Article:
Luka is a 7 year old boy who bought a “Lego Ninjago kit” with the money he received for Christmas. He was so happy with his new toys that he carried with him some of the figurines of the set everywhere he went -despite his father telling him to leave them at home-… At the end, he lost one of the figurines and, following his father’s advice, he wrote an email to Lego.

Voilà, Luke’s email, and its reply:

image

I am a huge Lego fan, and these kinds of things remind me why.

I admire Lego because they produce a great product and they are great at communicating it. The essence of Lego is the creativity and imagination. You can build anything with Lego bricks (just take a visit to Legoland), you just need to be able to see beyond the three little plastic cubes to discover a plane, a submarine or a dinosaur.

Creative Lego Ads

Creative Lego Ads

image

Creative Lego Ads

Its ads are minimalistic, visually clean, and with a very simple message. However, this simplicity, far from being boring or plane, is elegant, sophisticated, and the humor is not infantile but witty.

This is not a coincidence, of course, as they are aimed to those parents who pay for the sets of little bricks. Actually, we have to admit that for dads and moms it seems like an almost-perfect entertainment option: children can have fun while they develop some capabilities in a safe environment (home), and in an unlimited way as the toy can be transformed permanently.

A perfect customer service

What is truly awesome is that Lego communication transmits brand values in a very effective way: fun, creativity, and a balanced mix of naiveté and intelligence. We see this in the ads, but also in the reply by Richard-Lego-Customer-Service, where he clearly is having fun and makes proof of imagination when quoting “Sensei Wu”. The tone is naïf, sincere, and it is – let’s admit it – deeply touching.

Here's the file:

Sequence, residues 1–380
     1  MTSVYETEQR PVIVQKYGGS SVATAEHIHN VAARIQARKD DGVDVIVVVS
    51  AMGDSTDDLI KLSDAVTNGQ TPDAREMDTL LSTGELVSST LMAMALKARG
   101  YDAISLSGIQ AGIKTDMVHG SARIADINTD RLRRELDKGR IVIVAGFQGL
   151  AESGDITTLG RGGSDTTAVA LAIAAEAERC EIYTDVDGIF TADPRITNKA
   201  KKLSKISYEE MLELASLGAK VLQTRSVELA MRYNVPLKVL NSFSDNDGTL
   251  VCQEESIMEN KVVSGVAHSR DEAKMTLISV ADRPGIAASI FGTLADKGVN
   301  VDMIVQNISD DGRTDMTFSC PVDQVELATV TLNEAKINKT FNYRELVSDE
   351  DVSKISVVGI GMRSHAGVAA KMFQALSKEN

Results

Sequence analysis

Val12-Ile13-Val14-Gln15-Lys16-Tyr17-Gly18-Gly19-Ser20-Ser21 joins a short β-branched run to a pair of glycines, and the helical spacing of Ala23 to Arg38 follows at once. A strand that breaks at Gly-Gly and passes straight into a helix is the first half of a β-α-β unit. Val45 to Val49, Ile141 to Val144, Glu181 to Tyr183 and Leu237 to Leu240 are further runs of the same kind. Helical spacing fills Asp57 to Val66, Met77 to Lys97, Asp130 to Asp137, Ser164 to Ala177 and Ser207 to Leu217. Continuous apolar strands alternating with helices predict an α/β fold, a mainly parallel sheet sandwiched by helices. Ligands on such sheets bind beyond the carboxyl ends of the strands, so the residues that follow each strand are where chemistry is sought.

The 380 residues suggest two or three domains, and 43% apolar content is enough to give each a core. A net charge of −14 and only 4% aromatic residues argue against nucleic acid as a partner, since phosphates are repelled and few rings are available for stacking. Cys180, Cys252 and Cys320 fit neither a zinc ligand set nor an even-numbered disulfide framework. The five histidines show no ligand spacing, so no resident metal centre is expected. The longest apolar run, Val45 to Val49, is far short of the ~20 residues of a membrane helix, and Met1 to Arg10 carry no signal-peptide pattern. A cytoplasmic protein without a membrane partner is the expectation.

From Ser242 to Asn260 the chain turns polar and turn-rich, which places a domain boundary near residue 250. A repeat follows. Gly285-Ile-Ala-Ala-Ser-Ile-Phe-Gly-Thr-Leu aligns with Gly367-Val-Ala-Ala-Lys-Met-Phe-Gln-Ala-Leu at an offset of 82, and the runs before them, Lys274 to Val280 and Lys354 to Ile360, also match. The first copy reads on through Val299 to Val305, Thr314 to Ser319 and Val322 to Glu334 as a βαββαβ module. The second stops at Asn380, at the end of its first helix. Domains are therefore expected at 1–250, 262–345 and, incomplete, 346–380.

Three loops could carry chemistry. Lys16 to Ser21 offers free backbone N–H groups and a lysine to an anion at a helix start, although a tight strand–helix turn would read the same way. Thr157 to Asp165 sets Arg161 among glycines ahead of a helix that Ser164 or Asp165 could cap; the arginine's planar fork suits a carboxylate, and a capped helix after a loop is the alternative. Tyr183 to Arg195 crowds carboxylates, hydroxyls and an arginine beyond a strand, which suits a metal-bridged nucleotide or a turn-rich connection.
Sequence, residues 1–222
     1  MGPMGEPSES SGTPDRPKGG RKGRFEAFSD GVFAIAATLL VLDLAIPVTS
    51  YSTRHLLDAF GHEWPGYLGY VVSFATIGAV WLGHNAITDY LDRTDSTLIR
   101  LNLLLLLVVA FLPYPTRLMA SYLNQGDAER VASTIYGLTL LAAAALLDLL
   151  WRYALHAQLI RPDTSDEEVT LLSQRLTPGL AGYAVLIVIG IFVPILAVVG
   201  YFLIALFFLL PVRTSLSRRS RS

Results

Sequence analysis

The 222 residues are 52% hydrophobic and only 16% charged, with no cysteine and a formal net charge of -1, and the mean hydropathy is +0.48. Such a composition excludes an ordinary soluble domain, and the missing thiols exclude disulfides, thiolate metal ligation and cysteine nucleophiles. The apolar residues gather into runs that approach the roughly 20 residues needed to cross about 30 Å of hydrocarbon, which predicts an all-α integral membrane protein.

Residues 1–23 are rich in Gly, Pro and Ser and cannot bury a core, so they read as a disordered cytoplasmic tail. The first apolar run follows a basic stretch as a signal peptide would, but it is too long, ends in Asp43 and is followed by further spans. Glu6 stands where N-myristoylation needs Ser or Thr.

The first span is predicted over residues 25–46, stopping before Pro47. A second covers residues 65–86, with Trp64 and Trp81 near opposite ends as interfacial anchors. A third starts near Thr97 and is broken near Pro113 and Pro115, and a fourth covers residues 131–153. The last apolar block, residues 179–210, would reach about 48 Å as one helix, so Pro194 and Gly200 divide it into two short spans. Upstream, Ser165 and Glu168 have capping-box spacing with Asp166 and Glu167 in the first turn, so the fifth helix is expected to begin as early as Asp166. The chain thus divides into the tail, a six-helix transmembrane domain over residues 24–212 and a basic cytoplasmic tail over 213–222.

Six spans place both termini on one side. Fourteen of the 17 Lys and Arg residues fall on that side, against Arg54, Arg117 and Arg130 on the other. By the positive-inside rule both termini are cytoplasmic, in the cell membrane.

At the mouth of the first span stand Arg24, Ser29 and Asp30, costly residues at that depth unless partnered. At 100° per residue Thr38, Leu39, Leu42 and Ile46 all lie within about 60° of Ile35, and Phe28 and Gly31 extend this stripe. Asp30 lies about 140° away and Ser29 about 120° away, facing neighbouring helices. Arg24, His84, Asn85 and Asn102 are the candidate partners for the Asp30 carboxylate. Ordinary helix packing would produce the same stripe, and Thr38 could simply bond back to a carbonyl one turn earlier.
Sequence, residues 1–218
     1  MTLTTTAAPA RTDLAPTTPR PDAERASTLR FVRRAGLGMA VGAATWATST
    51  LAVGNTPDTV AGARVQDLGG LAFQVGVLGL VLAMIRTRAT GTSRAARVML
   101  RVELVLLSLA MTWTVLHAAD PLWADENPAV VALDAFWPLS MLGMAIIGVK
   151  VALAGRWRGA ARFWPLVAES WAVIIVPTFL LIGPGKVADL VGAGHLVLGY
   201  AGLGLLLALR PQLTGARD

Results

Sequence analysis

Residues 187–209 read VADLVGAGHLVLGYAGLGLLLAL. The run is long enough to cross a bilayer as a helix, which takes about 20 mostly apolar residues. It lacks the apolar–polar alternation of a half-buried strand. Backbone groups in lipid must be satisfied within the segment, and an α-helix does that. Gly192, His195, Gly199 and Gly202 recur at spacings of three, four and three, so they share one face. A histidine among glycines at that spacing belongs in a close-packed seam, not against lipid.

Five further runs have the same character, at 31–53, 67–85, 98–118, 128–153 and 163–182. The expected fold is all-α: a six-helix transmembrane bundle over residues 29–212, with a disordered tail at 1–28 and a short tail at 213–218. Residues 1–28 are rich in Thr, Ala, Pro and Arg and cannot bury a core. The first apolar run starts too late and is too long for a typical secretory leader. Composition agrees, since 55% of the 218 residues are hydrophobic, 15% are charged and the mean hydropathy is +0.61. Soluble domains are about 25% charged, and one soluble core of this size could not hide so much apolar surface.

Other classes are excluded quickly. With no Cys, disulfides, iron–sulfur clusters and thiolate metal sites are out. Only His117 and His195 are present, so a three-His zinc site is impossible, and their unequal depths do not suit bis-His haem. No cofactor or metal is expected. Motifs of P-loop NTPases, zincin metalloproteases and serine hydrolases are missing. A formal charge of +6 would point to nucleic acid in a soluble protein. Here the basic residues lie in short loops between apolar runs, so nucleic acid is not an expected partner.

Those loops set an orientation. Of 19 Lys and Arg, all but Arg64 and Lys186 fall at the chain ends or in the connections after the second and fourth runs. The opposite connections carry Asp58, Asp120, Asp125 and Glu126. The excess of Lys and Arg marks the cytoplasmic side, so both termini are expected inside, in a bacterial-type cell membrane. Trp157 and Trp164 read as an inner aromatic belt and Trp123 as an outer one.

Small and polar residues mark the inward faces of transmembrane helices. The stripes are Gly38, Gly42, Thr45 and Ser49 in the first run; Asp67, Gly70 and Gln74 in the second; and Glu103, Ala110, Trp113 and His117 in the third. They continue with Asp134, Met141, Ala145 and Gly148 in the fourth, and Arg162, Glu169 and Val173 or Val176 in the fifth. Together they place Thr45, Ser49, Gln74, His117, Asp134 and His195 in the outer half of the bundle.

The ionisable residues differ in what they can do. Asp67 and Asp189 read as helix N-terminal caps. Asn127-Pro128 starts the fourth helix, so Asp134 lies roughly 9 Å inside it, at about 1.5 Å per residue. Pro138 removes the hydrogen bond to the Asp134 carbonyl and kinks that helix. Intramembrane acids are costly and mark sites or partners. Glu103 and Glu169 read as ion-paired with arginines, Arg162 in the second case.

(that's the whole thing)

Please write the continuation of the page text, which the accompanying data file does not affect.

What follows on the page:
But Richard-Lego-Customer-Service is not only funny, cool or the customer best friend, but a brilliant marketer. Not only he solved a customer problem by offering him the figurine he lost (actually he gave him two!) after thanking him for his loyalty, but he takes to another level the brand experience when he decides to bring the brand’s fiction into reality. In addition there is a pedagogical backdrop that will make Luka’s father fall in love with Lego.

Lego’s storytelling is so powerful that almost any person after reading these emails will probably sympathize with the Danish brand. Therefore, it is pretty obvious that the final objective was not exclusively to respond positively to a particular customer, but to gain the attention of all of us, the vast web-audience, making the anecdote going viral in order to present the company as one that puts the imagination in the center of all its customer-related activities, that really cares about its customers, that is not afraid of being generous, and that is able to build a strong relationship with all of them.

I really think that this demonstrates the power of customer service and how it can create added value for customers, as well as Lego’s storytelling, marketing and communications mastery.